The fight to save the historic Hope Station House continues, as efforts to demolish it move forward.
The same day that the District of Hope council was set to remove the building from its heritage designation, they were issued a 120-day stop work order by the province.
Still, council moved ahead with two of three readings for the removal, which would allow them to demolish the building. They are required to move the building from its current site by the end of May, due to an agreement with the landowner.
However, that deadline will pass during the 120 days of work stoppage. And that has renewed hope for those who would like to see the building saved.
But that’s not the only action that’s been taking place behind the scenes.
The coalition hoping to save the building submitted a complaint on Feb. 28 against the District to the B.C. ombudsperson. And on Tuesday, that 10-page report became available.
“The B.C. ombudsperson launched an investigation into the District of Hope, reviewing the information we supplied, and requesting a great deal of further information from us as well as the District as the investigation progressed,” said Christian Ward of the coalition.
B.C.’s ombudsperson can review situations involving government offices, and provide reports.
Ward said they are still digesting the information from the report, but have found two key findings:
– There was a lack of fairness of the procedure that the district used to make their decision [to demolish the building], and the district did not consider all options available to them.
– The B.C. Ombudsperson has concerns about the council’s omission of any consideration of the impact of the Station House’s potential heritage status, [despite there being a heritage bylaw in place for the building].
Now, the district will have to look at alternatives, Ward said.
The stop work order was made due to the heritage status of the building. This week, Ward posted some collaboratively curated information on their Facebook page, Hope for the Station House. It includes historic photos of Japanese Canadians stepping off a train at the Station House and being loaded into trucks to be taken to the internment camp at Tashme, just outside of Hope.
“In collaboration with Sherri Kajiwara (Director and Curator of Nikkei National Museum & Cultural Centre) and Ryan Ellan of Tashme Museum, I have written this post to highlight one of the many reasons why this historic building should remain in Hope, and be preserved for generations to come,” Ward wrote.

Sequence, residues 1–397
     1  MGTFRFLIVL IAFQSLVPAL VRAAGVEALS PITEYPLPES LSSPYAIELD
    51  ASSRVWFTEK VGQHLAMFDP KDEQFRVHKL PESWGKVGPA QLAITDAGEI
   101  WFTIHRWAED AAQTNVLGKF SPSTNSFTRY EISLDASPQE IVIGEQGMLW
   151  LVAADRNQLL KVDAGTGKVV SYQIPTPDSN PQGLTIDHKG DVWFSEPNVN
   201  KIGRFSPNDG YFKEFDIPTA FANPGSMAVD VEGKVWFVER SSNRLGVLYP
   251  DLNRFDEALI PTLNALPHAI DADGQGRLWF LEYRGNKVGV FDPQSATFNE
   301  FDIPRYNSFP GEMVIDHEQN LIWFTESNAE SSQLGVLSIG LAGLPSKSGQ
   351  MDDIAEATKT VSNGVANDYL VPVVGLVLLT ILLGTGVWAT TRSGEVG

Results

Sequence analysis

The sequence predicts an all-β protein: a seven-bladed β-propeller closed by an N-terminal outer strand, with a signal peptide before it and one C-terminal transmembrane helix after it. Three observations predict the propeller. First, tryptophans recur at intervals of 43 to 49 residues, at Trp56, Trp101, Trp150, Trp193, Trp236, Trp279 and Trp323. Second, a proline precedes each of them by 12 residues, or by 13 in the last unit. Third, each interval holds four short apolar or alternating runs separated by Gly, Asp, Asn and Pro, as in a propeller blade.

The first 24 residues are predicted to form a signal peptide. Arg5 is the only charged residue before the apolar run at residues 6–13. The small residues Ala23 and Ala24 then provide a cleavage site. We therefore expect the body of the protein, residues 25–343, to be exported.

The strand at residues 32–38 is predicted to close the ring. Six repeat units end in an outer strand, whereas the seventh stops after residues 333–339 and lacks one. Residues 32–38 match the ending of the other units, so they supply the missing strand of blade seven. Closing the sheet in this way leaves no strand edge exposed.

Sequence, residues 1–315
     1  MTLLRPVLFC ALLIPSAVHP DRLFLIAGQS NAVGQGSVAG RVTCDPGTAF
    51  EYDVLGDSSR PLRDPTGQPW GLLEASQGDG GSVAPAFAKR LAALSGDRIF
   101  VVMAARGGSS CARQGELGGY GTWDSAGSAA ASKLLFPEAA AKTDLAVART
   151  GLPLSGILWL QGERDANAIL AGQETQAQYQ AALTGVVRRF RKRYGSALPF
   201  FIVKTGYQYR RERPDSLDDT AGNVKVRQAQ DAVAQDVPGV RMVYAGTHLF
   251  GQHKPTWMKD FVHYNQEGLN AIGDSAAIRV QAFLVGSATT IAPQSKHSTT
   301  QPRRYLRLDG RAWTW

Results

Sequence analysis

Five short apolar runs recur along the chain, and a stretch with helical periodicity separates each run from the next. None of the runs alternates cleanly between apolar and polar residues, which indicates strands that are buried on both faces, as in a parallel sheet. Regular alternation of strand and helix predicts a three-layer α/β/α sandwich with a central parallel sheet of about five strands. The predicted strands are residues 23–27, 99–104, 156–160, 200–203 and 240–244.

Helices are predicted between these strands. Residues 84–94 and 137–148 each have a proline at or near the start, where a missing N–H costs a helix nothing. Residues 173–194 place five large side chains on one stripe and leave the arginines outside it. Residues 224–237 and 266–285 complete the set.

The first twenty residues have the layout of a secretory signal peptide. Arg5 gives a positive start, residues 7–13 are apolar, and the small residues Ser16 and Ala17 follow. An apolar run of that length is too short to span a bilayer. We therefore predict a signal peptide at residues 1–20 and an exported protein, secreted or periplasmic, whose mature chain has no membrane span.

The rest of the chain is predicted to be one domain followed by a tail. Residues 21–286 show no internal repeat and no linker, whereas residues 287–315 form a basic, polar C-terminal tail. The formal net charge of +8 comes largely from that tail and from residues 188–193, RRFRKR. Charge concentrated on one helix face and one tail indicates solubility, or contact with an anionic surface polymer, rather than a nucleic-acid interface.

“This building tells the story of our history good and bad, things to be proud of and things to learn from.”
“In 1942, the Canadian government designated Japanese Canadians as ‘Enemy Aliens’ and stripped these citizens of their freedom, property and assets. The government consequently ordered the forced removal of over 22,000 Japanese Canadians from the west coast of British Columbia. The town of Hope was inside the 100 mile exclusion zone, and the Hope Station House was the connector to the rest of the province and sites of internment to which those of Japanese ancestry were unjustly sent.
Hope Station House was often the first stop for these citizens, and nearly 8,000 of them stepped foot off the train at the Hope Station House where trucks were parked ready to transport internees to sites in other parts of the province. 2,644 of these citizens who were loaded into the back of trucks at the Hope Station House were transferred to the Tashme internment camp, 19km away. Men were separated from their families to live in roadside camps, for the building of the Hope Princeton Highway.
Sherri Kajiwara of the Nikkei National Museum & Cultural Centre (for Japanese Canadian history and heritage) has voiced alarm that the District of Hope scheduled demolition of the Station House without due care for the history held within this site. The Nikkei National Museum has a mandate to honour, preserve and share Japanese Canadian history and heritage and they support the attempts to save this historic building and the heritage value within in. Sherri Kajiwara encourages the District to work together with those who are campaigning to save this building, to help preserve a key piece of this province’s history.”
A public hearing has been set for council to gather more information from the public. That will be held on May 10 and submissions can be made to the district until that day.
In the meantime, supporters have planned several “honkathons” where they will be driving around town and honking for support, with their vehicles adorned with messages for the community and the district. One such event was already held on Wednesday afternoon.
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